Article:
Learning by building
For me, the most fun way to learn a new technology is to build a project of my own. When I wanted to experiment with Vue.js and manipulating text on an HTML5 canvas, I didn’t set out to build a batch watermark app. But while working, the thought that this could actually become a useful tool really began to emerge. I got excited about the prospect of publishing something that others would find useful. So, my mindset began to shift from “What can I do with Vue and canvas?” to “How can I make this into a tool people would actually use?”
Not all features are necessary
Before I continued to build, I did a bit of research. Other online image watermarking apps were either outdated, had too many features, or didn’t let you add multiple images at once. Many were tough to use on mobile and touch screen devices. With this in mind, I decided to create a focused, easy-to-use tool to watermark a bunch of photos at once.
As I developed options and features, the UI design progressed naturally (above). It was fun to add lots of features—what if you could change the text color, add a text shadow, and adjust the letter spacing? But I quickly realized that too many options can be a bad thing. The UI became cluttered and the app lacked the simplicity that it previously held. In order to keep the product focused and true to my vision, I cut out unnecessary features.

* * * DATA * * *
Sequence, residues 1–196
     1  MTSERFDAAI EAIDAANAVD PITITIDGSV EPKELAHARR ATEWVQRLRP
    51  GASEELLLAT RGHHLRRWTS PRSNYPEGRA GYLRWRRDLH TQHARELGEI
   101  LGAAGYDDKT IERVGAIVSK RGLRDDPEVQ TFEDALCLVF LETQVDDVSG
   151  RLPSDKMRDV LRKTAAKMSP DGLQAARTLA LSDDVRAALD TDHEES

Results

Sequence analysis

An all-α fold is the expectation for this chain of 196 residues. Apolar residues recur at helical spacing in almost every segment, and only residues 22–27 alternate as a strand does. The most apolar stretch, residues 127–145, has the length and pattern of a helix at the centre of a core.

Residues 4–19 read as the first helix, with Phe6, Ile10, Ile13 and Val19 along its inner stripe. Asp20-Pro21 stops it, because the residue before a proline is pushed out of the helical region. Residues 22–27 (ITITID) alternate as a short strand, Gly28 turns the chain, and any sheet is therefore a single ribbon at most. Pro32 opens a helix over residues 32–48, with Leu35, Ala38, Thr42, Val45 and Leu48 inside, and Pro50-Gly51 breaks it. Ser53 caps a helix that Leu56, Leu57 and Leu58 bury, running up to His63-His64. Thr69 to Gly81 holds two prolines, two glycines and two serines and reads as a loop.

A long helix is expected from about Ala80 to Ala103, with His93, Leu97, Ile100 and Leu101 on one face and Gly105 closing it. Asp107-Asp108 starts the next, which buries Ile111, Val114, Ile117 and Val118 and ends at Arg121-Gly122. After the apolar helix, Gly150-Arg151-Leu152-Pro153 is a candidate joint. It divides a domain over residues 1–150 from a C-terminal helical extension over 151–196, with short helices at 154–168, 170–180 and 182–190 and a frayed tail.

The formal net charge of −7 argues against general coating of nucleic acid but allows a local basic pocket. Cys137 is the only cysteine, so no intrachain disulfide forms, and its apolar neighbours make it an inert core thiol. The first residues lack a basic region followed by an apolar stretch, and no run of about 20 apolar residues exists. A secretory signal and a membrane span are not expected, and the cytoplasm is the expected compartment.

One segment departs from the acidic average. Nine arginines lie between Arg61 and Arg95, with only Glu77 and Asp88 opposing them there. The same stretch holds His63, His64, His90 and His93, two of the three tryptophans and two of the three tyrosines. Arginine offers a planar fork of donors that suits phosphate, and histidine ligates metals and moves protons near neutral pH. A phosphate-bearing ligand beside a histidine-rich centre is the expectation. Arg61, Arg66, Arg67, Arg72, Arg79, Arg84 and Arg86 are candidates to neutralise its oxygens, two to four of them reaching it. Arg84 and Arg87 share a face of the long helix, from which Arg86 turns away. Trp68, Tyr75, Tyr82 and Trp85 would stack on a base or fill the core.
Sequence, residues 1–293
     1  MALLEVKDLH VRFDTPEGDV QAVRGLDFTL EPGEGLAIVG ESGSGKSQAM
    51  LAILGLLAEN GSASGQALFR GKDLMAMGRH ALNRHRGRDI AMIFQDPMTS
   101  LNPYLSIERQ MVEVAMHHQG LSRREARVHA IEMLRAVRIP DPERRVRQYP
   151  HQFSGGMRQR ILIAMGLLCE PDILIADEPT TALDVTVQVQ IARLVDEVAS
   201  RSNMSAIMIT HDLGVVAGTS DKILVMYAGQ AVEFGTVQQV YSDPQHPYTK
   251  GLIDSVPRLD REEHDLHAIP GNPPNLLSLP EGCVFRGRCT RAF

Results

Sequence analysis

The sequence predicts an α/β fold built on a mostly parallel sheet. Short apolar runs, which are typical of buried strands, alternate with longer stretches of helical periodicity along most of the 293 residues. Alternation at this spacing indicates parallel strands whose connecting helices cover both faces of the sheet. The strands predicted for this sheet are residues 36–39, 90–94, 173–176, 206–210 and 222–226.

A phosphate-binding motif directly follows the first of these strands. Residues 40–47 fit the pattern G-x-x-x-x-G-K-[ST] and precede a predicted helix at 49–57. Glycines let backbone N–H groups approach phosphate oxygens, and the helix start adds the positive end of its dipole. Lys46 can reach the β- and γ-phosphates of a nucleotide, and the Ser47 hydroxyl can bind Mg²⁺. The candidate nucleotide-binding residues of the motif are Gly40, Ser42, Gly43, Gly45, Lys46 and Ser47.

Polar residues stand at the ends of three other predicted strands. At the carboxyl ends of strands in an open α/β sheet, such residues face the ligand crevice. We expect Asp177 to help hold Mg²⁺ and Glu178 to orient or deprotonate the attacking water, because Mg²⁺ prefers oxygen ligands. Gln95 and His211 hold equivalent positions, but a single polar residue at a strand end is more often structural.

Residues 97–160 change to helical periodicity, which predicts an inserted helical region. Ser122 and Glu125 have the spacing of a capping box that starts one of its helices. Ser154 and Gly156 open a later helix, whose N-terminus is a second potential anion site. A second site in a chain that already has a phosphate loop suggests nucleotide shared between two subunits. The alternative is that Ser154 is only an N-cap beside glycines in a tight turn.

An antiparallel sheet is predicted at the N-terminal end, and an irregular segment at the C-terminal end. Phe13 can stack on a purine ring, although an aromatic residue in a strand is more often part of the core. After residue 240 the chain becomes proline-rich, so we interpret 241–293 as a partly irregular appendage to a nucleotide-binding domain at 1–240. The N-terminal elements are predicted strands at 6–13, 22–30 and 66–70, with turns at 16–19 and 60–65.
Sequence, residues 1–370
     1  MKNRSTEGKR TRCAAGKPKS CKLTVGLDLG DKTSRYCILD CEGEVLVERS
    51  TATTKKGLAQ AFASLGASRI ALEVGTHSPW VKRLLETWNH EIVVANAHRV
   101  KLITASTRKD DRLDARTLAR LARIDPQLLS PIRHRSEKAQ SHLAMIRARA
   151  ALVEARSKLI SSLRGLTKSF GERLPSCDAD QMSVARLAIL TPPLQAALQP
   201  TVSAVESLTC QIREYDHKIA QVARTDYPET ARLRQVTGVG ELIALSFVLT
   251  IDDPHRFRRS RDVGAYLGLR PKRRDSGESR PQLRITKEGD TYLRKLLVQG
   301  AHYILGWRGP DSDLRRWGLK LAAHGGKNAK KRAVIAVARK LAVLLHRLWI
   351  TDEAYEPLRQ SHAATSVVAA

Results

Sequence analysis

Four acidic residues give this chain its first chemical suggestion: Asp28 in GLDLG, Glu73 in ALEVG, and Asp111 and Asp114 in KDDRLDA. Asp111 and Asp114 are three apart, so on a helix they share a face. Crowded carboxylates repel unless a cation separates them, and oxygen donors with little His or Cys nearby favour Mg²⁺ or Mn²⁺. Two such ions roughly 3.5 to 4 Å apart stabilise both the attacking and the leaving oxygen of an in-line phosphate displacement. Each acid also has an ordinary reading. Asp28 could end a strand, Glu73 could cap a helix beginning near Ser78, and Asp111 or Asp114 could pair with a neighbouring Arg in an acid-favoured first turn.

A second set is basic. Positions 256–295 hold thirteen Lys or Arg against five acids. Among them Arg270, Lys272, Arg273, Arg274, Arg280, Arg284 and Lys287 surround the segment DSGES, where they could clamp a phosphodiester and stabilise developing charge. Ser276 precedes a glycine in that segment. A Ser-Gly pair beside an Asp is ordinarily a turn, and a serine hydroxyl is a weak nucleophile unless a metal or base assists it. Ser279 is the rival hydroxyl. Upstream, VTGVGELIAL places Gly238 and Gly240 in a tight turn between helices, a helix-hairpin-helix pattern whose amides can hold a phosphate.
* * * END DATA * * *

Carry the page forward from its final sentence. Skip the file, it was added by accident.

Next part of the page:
In the current version of the app (above), I’ve been working on paring down the features. What are the minimum necessary options for the tool to be useful to someone trying to add a watermark to their photos?
I've done a soft launch of the app under the name Tinymark. However, it's still a work in progress. The code can be cleaned up, the UI needs to be fine-tuned, and a little branding wouldn’t hurt. My next step, however, is going to be testing it with some real potential users. By doing user interviews, I think I’ll have the feedback I need to add a layer of polish and get this thing out into the world. ∎